|Publication number||US4843609 A|
|Application number||US 07/138,086|
|Publication date||Jun 27, 1989|
|Filing date||Dec 28, 1987|
|Priority date||Dec 26, 1986|
|Publication number||07138086, 138086, US 4843609 A, US 4843609A, US-A-4843609, US4843609 A, US4843609A|
|Inventors||Jun Ohya, Yasushi Matsui|
|Original Assignee||Matsushita Electric Industrial Co., Ltd.|
|Export Citation||BiBTeX, EndNote, RefMan|
|Patent Citations (6), Non-Patent Citations (6), Referenced by (27), Classifications (28), Legal Events (4)|
|External Links: USPTO, USPTO Assignment, Espacenet|
This invention relates to an optical integrated circuit for heterodyne detection which can be used in coherent optical communications, optically applied measurements, etc.
The modulation and demodulation system of optical communications depends, at present, mainly on direct modulation and direct detection. There is, however, a great demand for a larger information transmission capacity and an extension in the distance between repeater intervals. As such, the realization of coherent optical communications is expected. In coherent optical communications, the transmitted light signal is received by heterodyne or homodyne detection at the receiving end. The structure of the optical heterodyne or homodyne receiver is shown in FIG. 1. A light signal 1 is synthesized with a local oscillation light 3 emitted from a local oscillator 2 at a beam splitter 4, and is detected by a photo detector 5. Numeral 6 denotes an automatic frequency control system or loop filter. In heterodyne detection, in order to keep the intermediate frequency at a constant value, or in homodyne detection, in order to synthesize the phase of the local oscillation light with the phase of light signal, the local oscillator 2 is controlled by a detection signal 7.
In this system, when a local oscillator with sufficiently large power is used at the receiving end, a reception sensitivity at shot noise limit may be obtained, and a sensitivity improvement of 10 to 30 dB may be expected as compared with the direct detection system.
To realize the coherent optical communications, however, there are many technical problems to be solved. In particular, the improvement of the spectral linewidth of the semiconductor laser is an important issue.
The spectral linewidth can be improved by composing the semiconductor laser in an external cavity structure as reported by Wyatt, R. et al. in Electron. Lett. 19, pp. 110-112, 1983, but it tends to be mechanically unstable in the case of hybrid composition. However, as we reported in Electron. Lett. 21, pp. 374≧376, a stable narrow spectral linewidth is obtained when the external cavity is integrated monolithically.
Since the receiver shown in FIG. 1 is not monolithic, the entire apparatus is very large in size.
It is hence a primary object of this invention to present an optical integrated circuit for heterodyne detection in a monolithic constitution which is capable of obtaining local oscillation light of narrow spectral linewidth by integrating an external cavity semiconductor laser as the local oscillator, an optical coupler and a photo detector on a same substrate.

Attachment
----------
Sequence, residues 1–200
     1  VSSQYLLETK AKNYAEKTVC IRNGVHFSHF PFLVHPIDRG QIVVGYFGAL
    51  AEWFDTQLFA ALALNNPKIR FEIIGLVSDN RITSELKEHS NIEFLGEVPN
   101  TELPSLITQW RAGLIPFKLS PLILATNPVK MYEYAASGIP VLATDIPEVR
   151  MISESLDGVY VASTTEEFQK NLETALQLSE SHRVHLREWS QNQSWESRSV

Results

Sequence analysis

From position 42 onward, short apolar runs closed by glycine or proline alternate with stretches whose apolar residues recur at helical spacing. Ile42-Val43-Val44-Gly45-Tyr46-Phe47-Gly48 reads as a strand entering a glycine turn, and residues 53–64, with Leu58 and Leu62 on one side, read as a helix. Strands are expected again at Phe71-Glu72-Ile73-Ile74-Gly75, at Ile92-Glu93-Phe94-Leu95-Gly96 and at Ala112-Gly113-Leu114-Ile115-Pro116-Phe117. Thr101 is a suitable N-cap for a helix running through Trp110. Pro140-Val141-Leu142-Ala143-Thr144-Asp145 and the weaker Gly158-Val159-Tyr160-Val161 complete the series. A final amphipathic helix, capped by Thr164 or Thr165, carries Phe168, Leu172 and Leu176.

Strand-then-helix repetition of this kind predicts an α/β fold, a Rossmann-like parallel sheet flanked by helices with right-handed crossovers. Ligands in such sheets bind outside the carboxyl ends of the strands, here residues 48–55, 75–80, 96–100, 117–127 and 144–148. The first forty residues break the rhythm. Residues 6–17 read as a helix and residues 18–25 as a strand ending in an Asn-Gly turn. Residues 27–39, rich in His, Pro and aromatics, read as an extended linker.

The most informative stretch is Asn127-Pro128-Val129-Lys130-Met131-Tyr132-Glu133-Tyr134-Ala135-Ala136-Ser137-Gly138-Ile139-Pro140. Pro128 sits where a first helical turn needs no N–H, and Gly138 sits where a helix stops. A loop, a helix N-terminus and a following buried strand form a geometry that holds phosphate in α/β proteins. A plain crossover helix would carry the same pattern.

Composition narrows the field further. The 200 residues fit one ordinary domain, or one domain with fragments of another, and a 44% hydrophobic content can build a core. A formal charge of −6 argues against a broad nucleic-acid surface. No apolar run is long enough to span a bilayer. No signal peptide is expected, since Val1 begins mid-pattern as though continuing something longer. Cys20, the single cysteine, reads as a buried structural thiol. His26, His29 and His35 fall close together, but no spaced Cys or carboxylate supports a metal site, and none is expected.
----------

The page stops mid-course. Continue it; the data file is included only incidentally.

This and other objects are accomplished by an optical integrated circuit for heterodyne detection which comprises; an active region of semiconductor laser containing at least one active layer and at least one cladding layer partially formed on a semiconductor substrate; a first optical waveguide capable of guiding the light emitted from the active region, formed adjacently to the active region; a second optical waveguide capable of guiding a light signal entering from one end; and a photo detector located at one end of either the first or second optical waveguide, whereby a cavity of semiconductor laser is formed having a high reflectivity at one end at of the active region and one end of the other optical waveguide not possessing said photo detector; and a 2×2 optical coupler is formed so as to allow the first and second optical waveguides to vary the coupling ratio, wherein the emission light of the semiconductor layer is synthesized as local oscillation light with the signal light through the 2×2 optical coupler so as to detect the light by the photo detector.
While the novel features of the invention are set forth with particularity in the appended claims, the invention, both as to organization and content, will be better understood and appreciated, along with other objects and features thereof, from the following detailed description taken in conjunction with the drawings.
FIG. 1 is a block diagram of a conventional heterodyne homodyne receiver;
FIG. 2 is a schematic perspective view of an optical integrated circuit for heterodyne detection in a first embodiment of this invention; and
FIG. 3 is a schematic perspective view of an optical integrated circuit for heterodyne detection in a second embodiment of this invention.
Referring now to FIG. 2 which shows a schematic perspective view of an optical integrated circuit for heterodyne detection composing an embodiment of this invention: 8 is an active region of an external cavity type semiconductor laser; 9 is an optical waveguide functioning as an external cavity; 10 is an optical waveguide; and 11 is a photo detector, wherein a directional coupler is composed of the optical waveguides 9 and 10 in a region 12 indicated by the broken line, and end faces 13 and 14 are coated with reflection coating to make up the laser cavity, while an end face 15 is coated with anti-reflection coating to form an input end of signal light 16.
The oscillation light 17 of the external cavity type semiconductor laser is synthesized, as a local oscillation light, with signal light 16 in the directional coupler 12, and is detected in the photo detector 11 by heterodyne detection.